Ever have one of those conversations when someone absolutely puts their finger on the pulse of a universal experience? Phil Jones did that for me in his email last week: “When using cinnamon, e.g., for French Toast, how do you get it to blend in nicely, instead of floating on top of the mixture, and/or making an unmixed coating on the bowl at the edge of the liquid?”

My reaction was visceral: "He is SO right!" Is there anything more annoying?

This is what I wrote back to Phil:
“Cinnamon may behave a little better for distribution if you mix it with a bit of sugar and even a tablespoon or two of flour. If you combined the egg mixture with those, you'd have something like a very thin crepe batter. I think the flour may help to suspend the cinnamon in the liquid. I haven't tried this yet, but I will, because you've put your finger on one of those universal peeves in the food world.”

Into the kitchen I went. This is the scenario we all know: egg, milk, a little vanilla, and some whisking action.


Into the batter went a half-teaspoon of cinnamon. More whisking ensued.

There it is, the glumpy, freckled concoction we all know. Sue Gray, our test kitchen genius, put her finger on the “why”. Cinnamon has a lot of oil in it, and therefore resists blending evenly with anything wet.

I proceeded to dip and cook three slices of bread; as you can see, it’s easy to tell which slice went through the batter first, and which one was last. The cinnamon freckles decreased with each subsequent slice.


Time to put my money where my mouth was, and try the technique I described to Phil.
Here’s all the mise en place: eggs with milk and vanilla (I also put in three drops of my absolute favorite ingredient for French Toast: our Vanilla-Butternut flavoring); two tablespoons of flour, and a mixture of 1 teaspoon cinnamon and 2 tablespoons of sugar.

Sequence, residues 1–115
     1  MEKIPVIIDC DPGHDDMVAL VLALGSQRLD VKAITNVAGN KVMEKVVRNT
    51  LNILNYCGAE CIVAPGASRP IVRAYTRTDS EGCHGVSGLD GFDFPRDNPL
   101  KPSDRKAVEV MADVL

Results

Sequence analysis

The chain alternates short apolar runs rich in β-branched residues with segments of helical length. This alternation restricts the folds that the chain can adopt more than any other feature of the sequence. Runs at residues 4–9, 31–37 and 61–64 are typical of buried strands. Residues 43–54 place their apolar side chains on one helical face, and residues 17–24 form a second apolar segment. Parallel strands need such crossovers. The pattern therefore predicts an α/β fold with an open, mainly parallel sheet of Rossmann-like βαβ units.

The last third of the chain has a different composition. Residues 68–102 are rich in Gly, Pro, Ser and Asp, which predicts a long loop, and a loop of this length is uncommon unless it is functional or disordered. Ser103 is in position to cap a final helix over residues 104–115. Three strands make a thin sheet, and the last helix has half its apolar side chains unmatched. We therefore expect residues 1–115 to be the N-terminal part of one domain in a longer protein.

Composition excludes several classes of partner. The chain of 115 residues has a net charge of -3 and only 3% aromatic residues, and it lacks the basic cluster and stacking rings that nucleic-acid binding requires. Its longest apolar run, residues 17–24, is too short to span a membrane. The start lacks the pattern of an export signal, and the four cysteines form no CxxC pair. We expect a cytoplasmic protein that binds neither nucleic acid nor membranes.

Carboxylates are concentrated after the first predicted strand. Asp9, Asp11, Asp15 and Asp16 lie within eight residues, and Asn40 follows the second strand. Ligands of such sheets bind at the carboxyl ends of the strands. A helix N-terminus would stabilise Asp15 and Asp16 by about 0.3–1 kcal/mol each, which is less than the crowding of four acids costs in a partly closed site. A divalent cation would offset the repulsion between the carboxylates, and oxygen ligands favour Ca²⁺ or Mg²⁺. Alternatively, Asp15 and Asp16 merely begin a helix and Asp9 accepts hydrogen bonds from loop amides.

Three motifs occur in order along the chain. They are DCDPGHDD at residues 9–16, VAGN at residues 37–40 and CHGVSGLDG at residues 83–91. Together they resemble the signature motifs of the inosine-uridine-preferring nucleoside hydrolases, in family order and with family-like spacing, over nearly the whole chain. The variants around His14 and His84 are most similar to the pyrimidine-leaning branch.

I whisked together a teaspoon of the cinnamon mixture with the flour; then I beat up the eggs and poured a bit of the liquid into the flour to make a slurry.


The result was a much more uniform batter, with no freckles. The flour absorbs enough of the cinnamon’s oil to provide enough traction for more even distribution of cinnamon in the liquid.


Time to cook. As you can see, each slice had a uniform appearance, and an equal amount of cinnamon flavor, as it cooked. I put a slice from the first round of cooking next to these for comparison.


In case you’re wondering, the amount of flour in the batter (roughly 1 tablespoon per egg) wasn’t enough to alter the ability of the bread to soak up the batter.
Now, the whole texture issue is still out there. Monte’s husband is a crispy outsides/creamy insides kind of guy, and dips his battered bread in crunched up cornflakes before cooking to achieve the contrast he’s looking for. That’s a subject for another day; in the meantime, we’ve solved the cinnamon conundrum. Thanks, Phil!!

Filed Under: Recipes
Susan Reid
The Author

About Susan Reid

Chef Susan Reid grew up in New Jersey, graduated from Bates College and the Culinary Institute of America, and is presently the Food Editor of Sift magazine. She does demos, appearances, and answers food (and baking) questions from all quarters.